Fair Circularity Principles (Shift)

Anna Triponel

March 17, 2023
Our key takeaway: Are you using plastic packaging? Are you using recycled plastic packaging? Chances are you have many waste pickers in your value chain. Waste pickers collect as much as 60% of the plastic waste that is collected for recycling globally - they play a critical role in helping ensure this waste doesn’t end up in oceans, open dumps, or being burnt. These waste pickers suffer a range of impacts - from an inadequate standard of living, all the way to lack of recognition and social stigma and lack of decent work - amongst a cluster of many negative impacts. A group of fast-moving consumer goods companies - The Coca-Cola Company, Nestlé, PepsiCo, and Unilever - are calling on you (other companies!) to implement the Fair Circularity Principles. Developed in collaboration with Shift, and with support from Tearfund as well as WIEGO resources, these principles help companies apply the UN Guiding Principles to the waste pickers in their value chains. In short: recognise the value waste pickers bring, and take action to seek to respect their human rights - like any other supply chain worker.

The Coca-Cola Company, Nestlé, PepsiCo, and Unilever - in collaboration with Shift - have launched the Fair Circularity Principles, aka, ‘Principles for Corporate Engagement on Human Rights with the Informal Waste Sector’ (November 2022):

  • Need for principles and human rights impacts: The report delves into the pivotal and valuable role played by waste pickers in the value chain: “waste pickers collect as much as 60% of the plastic waste that is collected for recycling globally, diverting it from reaching oceans, open dumping, or burning, and mitigating the consequent environmental and public health impacts.” There is growing attention to this topic - with for instance, ongoing discussions at the UN Environment Assembly “on a new legally binding instrument on tackling plastic pollution globally, which seeks to encourage action by all stakeholders, including the private sector, and recognizes the important role of waste pickers in this context.” Waste pickers often face significant human rights impacts: (1) an inadequate standard of living (including inadequate income, lack of bargaining power in price setting, income instability and income insecurity), (2) lack of respect for freedom of association and collective bargaining, (3) lack of recognition and social stigma, (4) marginalization, discrimination and lack of inclusion, (5) exclusion from social and financial services, (6) child labor and child accompaniment, (7) impacts on workplace health and safety and (8) impacts on other conditions of decent work.
  • The relevance of the UNGPs for waste pickers: The report describes the fact that companies have not tended to engage with human rights impacts on waste pickers as part of their responsibility under the UN Guiding Principles - which is misplaced. The UNGPs are relevant here, since they apply to business-related impacts on people. There is also opportunity: “The opportunity to invest in informal waste sector value chains to improve efficiencies and improve environmental and social footprints is also under-explored.” There are a number of implications of the UNGPs that are relevant for waste pickers. These include the UNGP’s focus on the state duty to protect individuals within a state's territory and/or jurisdiction from human rights harms, including those involving business; the focus of the UNGPs’ on the companies’ responsibility to respect; a focus on identifying and prioritising impacts for attention as well as meaningful engagement with affected stakeholders; a focus on an expanded use of leverage and enabling remedy for waste pickers; the need to ensure internal business alignment and identify how a company’s own activities can play a role in making impacts more or less likely to occur; and addressing exclusion and planning for responsible exit.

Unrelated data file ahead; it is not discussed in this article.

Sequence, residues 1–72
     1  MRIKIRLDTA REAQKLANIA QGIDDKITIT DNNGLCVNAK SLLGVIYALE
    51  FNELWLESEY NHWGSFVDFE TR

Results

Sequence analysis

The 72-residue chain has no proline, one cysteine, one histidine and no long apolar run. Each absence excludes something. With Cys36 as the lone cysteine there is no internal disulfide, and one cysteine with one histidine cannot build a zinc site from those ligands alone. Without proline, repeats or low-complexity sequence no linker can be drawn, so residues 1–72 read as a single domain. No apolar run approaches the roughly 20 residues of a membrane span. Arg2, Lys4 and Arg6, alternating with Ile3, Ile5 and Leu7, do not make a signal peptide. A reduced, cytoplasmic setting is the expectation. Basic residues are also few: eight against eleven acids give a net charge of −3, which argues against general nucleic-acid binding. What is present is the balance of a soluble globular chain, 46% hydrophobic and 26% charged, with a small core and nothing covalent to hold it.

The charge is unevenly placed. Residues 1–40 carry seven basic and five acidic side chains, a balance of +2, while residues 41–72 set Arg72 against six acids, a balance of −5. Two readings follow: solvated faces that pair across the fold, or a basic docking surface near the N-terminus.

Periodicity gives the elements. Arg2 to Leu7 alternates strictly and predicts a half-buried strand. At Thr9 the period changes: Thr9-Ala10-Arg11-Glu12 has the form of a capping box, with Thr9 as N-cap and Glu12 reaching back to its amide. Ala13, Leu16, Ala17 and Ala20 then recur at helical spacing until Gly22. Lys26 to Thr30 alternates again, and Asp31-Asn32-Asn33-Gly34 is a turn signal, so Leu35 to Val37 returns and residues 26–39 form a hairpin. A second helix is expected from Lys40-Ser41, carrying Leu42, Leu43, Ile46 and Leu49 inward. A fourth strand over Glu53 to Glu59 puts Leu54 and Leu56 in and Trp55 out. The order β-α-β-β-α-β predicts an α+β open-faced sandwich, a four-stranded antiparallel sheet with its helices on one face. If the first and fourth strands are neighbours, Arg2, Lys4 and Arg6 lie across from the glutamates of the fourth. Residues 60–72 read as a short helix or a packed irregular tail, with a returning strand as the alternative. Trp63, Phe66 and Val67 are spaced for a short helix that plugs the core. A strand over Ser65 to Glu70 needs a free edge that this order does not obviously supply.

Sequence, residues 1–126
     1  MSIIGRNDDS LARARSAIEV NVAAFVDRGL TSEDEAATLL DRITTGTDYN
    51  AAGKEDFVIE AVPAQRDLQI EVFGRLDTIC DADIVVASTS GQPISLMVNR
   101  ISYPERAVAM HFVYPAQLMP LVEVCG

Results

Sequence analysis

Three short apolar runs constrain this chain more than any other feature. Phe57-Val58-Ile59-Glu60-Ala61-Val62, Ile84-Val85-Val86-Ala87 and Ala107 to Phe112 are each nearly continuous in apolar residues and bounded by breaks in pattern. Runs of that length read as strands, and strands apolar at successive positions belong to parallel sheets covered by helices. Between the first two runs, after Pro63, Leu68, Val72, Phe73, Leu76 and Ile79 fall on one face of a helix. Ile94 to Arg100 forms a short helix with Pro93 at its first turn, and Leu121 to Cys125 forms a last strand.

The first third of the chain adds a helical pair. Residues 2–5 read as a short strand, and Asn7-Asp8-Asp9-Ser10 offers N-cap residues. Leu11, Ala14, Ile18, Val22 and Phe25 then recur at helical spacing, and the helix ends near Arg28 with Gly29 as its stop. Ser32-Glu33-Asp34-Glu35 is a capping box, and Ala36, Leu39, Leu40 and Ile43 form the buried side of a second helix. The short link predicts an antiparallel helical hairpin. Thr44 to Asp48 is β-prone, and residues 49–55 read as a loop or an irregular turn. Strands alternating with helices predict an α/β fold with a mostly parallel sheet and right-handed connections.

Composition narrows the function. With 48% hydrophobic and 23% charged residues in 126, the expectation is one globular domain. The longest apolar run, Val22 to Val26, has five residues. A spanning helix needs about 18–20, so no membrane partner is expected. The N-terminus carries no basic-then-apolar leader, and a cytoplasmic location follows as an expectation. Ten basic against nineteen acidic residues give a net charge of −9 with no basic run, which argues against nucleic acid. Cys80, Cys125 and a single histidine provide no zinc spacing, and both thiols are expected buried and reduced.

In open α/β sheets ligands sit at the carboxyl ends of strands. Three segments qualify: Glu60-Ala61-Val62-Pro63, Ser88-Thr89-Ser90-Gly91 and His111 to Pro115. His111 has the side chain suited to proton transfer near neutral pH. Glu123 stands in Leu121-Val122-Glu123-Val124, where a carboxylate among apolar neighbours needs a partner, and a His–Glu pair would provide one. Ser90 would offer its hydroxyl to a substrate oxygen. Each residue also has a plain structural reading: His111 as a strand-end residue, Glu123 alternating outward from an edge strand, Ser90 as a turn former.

• Principles for corporate engagement with the informal waste sector: The report provides key principles that should inform corporate engagement with the informal waste sector, drawing on the UNGPs. First, recognize the critical role informal waste sector workers play In plastics waste and recycling value chains - which includes including waste pickers in local, national and international dialogue and policy-making arenas and in business decision-making. Second, “[a]cknowledge the responsibility to respect the rights of informal waste sector workers by preventing and addressing human rights impacts experienced by those workers, in line with the nature of the company’s involvement.” Third, “[e]ngage all partners in plastics packaging recycling value chains towards coherent and comprehensive approaches.” Fourth, “[e]ngage government actors to create enabling environments for rights-respecting business practices.” Fifth, “[e]ngage meaningfully with informal waste sector workers.” Sixth, “[a]pply a gender lens in efforts to address human rights impacts in the informal waste sector.” Seventh, “[d]rive local approaches, tailored to local contexts.” Eighth, “[a]dvocate for the inclusion of informal waste sector workers as relevant stakeholders in policy-making processes that may affect their livelihoods.” Ninth, “[p]romote greater integration of the informal waste sector into formal value chains.” Tenth, “[i]dentify and address barriers to promoting rights-respecting practices in the informal waste sector.”

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